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Decision No. 17,702

Appeal of Z.B, on behalf of her children Z.B. and Z.B., from action of the Board of Education of the City School District of the City of Long Beach regarding residency and transportation.

Decision No. 17,702

(July 22, 2019)

Frazer & Feldman, LLP, attorneys for respondent, Christie R. Jacobson, Esq., of counsel

ELIA., Commissioner.--Petitioner appeals the determination of the Board of Education of the City School District of the City of Long Beach (“respondent”) that her children Z.B. and Z.B. (“the students”) are not homeless within the meaning of the McKinney-Vento Homeless Assistance Act (42 USC §11431 et seq., “McKinney-Vento”) and, therefore, are not entitled to attend the district’s schools or receive transportation.  The appeal must be dismissed.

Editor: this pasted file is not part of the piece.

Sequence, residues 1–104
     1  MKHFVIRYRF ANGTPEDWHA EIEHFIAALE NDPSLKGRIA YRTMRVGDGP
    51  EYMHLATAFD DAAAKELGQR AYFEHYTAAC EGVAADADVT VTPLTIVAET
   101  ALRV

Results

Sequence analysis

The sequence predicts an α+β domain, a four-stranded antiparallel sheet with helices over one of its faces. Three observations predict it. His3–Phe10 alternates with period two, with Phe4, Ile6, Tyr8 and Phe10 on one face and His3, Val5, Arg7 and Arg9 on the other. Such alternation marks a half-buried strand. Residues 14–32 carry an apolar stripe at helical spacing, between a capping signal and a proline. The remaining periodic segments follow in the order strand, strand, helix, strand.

Although the record is not entirely clear, it appears that petitioner’s children have been enrolled in respondent’s schools intermittently since 2011.  The record indicates that petitioner’s son, Z.B., was first enrolled in respondent’s district during the 2010-2011 school year as a fourth grade student.[1]  However, respondent later made a determination that petitioner and the student were not district residents and the student was disenrolled as a nonresident on October 26, 2011.